I recently had an interesting talk with the head of marketing of a global travel company, and he mentioned that they had their challenges in becoming innovative (not unusual), and that they've recently revived their incubator, even though it didn't work in the past. They have been grappling with the question of whether innovation should be segregated into a small, focused team, or whether they should try to make the entire organization innovative.
To me, that's the wrong question. A truly innovative company leverages both, and how much the innovation process should be sheltered from the rest of the organization -- so they can stay focused on making current products and services more efficient -- depends on the phase of innovation.
Innovation, whether you're a startup or a Fortune 500 company, usually happens in three phases, and there are distinct key factors in each of these phases that contribute to success. To skip over or try to combine these phases often leads to missed expectations, organizational turmoil and wasted investment -- things you generally want to avoid when finding your next big thing.
This week I'm offering a three-part blog series on these phases. Let's focus today on the first step, which is Ideation. When people think of innovation, they often just think about coming up with the great ideas. And, yes, ideas are the first step toward innovation. But ideation involves the way in which you gather and welcome the ideas. Innovative ideas can come from anywhere in the organization and, more importantly, from folks up and down the food chain. It is no longer the domain of a small number of experts ensconced in an ivory tower -- nor should it ever have been.
With technology today (Internet, social, Web, etc.), information -- communication -- flows in and out of the organization at all levels, not just at specific points. When you tell that to executives today, that scares them, because it makes it that much harder to control the message. Marketing's job can no longer be focused outward, but also must be directed inward to the rank-and-file to ensure consistency and alignment. Apple's current "Designed by Apple in California" campaign (see these two commercials on YouTube) is exactly that. However, that topic is a whole blog post on its own.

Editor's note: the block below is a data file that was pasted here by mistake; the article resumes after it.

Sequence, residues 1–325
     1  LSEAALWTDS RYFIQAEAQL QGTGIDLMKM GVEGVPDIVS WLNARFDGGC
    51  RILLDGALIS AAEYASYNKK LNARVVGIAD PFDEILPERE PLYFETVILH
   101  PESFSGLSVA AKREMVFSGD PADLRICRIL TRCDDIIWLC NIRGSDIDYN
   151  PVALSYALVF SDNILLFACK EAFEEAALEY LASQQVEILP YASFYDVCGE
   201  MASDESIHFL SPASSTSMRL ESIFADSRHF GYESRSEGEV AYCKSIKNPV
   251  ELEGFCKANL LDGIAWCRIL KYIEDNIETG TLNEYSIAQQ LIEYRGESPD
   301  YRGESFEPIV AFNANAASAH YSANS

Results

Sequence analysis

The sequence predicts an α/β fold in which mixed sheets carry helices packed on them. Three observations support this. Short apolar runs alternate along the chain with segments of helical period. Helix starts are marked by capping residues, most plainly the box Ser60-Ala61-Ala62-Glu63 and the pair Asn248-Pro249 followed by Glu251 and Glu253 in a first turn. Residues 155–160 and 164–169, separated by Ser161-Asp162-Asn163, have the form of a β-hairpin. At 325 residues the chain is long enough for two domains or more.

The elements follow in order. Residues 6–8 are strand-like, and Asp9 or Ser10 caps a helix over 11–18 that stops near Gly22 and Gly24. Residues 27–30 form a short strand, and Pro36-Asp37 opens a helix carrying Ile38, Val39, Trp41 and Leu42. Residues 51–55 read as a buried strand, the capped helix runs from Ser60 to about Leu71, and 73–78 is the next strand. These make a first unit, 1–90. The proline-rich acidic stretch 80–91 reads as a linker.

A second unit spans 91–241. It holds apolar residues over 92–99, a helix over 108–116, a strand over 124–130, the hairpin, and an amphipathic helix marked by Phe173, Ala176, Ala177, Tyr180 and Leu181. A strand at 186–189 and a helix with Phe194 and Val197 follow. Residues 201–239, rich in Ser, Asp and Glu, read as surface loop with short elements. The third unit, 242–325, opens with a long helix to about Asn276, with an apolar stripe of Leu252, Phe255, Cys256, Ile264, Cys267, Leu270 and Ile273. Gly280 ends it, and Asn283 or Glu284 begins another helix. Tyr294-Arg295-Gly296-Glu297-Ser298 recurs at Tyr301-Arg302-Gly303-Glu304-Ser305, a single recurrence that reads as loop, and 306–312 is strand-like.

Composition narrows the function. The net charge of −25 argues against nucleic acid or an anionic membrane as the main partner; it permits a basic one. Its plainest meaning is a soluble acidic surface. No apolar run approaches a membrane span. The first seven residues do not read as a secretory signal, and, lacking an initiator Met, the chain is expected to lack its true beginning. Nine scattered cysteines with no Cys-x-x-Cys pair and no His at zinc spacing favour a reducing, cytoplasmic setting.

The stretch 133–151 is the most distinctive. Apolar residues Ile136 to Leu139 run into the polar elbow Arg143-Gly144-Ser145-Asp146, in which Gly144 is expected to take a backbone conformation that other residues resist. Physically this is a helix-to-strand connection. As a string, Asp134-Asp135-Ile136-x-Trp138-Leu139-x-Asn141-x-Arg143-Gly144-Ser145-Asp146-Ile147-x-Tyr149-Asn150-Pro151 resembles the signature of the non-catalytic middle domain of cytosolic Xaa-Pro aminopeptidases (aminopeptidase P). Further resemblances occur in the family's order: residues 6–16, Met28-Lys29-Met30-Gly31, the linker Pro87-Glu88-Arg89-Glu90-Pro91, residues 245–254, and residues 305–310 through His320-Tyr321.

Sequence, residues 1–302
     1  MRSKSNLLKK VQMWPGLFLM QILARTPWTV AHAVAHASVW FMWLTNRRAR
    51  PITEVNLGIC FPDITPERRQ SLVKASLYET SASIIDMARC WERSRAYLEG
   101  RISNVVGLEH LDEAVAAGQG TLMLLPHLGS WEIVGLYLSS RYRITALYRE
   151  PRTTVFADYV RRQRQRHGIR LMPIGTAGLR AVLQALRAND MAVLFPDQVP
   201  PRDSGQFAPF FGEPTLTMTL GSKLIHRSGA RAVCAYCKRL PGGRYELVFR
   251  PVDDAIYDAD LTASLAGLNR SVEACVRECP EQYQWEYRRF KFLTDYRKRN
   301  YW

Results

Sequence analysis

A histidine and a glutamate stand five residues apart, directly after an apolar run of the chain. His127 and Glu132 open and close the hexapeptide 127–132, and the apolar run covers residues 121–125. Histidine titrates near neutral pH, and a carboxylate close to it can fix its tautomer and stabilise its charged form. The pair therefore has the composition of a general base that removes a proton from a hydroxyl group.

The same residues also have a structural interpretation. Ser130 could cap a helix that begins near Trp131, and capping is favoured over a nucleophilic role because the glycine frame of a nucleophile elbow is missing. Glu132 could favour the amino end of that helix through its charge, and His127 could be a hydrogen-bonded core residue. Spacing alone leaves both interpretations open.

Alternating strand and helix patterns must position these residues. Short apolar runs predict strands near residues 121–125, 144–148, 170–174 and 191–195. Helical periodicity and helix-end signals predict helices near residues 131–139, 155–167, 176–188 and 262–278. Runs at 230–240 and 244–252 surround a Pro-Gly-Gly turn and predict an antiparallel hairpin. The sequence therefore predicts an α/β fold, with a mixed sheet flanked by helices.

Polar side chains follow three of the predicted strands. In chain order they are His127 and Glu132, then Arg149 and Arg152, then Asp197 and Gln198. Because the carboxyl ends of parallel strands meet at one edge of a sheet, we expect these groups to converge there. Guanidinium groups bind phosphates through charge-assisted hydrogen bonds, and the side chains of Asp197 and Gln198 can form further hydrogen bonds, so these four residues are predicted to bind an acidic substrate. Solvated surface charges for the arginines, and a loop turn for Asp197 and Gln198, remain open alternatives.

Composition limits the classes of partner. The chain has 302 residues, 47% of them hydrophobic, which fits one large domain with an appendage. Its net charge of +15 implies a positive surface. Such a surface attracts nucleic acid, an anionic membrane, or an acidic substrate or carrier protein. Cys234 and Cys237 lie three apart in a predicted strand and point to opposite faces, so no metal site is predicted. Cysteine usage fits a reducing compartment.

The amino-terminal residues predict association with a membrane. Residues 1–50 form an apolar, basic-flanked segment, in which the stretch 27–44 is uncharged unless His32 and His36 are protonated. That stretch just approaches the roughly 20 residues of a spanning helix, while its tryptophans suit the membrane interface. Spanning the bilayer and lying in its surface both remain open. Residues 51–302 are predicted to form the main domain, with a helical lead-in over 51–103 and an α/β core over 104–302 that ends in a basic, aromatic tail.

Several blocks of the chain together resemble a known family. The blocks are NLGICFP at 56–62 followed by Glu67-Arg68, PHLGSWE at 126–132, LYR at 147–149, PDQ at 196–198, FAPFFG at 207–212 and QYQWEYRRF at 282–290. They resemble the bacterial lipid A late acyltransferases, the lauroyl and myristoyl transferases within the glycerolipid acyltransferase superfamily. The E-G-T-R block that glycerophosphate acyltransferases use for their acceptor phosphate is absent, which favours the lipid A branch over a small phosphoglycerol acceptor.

On the flip side of information leaking out at all levels, information also flows into the organization at many more points than before. Innovative ideas can be sparked by a customer service rep's interaction with a disgruntled customer, an engineer's desire for more efficiency, or even a junior professional services consultant onsite on a client. All of these interactions can lead to insights that could drive innovation.
Innovative organizations today understand that and harness it effectively. Many organizations have experimented with innovation challenges, hackathons and other forms of crowdsourcing with varying success. Doing it successfully requires a number of factors to consider, ranging from executive sponsorship to how to define the problem to solve. One of us here at SeriesC would be happy to go into more detail on how we help clients with social problem solving, if you're interested.
In the end, it shouldn't be the job of a small group of people -- whether they are executives at an offsite or a select group of technologists in an incubator -- to be your organization's only source of ideas. I do want to emphasize that we are not disparaging the abilities of experts to come up with great, innovative ideas -- far from it. What organizations should be doing is complementing the current innovation conjuring with sourcing concepts and ideas from everyone else in their organization.
It's all about creating more strong strategic options to consider.